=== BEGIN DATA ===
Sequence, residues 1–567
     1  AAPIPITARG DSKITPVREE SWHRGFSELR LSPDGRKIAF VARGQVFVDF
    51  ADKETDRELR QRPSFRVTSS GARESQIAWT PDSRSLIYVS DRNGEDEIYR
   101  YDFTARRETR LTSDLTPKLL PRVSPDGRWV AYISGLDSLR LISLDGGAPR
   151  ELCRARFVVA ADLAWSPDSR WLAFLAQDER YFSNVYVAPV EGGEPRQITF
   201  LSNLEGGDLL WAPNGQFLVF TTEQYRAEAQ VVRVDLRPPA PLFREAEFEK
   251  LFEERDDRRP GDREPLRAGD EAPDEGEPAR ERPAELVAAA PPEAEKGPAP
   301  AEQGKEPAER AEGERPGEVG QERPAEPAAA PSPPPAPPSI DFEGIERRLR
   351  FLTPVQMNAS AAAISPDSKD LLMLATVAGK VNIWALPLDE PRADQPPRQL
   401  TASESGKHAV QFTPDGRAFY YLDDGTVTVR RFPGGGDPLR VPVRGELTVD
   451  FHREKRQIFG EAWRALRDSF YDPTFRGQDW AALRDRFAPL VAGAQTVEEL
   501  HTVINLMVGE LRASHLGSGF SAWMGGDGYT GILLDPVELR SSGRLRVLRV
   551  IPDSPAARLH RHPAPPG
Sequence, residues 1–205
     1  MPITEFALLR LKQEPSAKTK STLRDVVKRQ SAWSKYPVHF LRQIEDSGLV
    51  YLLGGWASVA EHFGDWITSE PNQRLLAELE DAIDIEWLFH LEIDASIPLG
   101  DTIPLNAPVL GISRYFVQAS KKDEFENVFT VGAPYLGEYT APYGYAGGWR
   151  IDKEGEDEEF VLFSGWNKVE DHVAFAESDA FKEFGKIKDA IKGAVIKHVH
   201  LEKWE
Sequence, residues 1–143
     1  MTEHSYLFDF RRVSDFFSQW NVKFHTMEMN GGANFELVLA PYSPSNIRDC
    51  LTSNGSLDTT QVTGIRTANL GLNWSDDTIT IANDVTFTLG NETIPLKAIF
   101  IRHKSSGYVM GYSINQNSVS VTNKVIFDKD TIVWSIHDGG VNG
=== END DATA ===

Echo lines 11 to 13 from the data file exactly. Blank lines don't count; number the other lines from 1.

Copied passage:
   451  FHREKRQIFG EAWRALRDSF YDPTFRGQDW AALRDRFAPL VAGAQTVEEL
   501  HTVINLMVGE LRASHLGSGF SAWMGGDGYT GILLDPVELR SSGRLRVLRV
   551  IPDSPAARLH RHPAPPG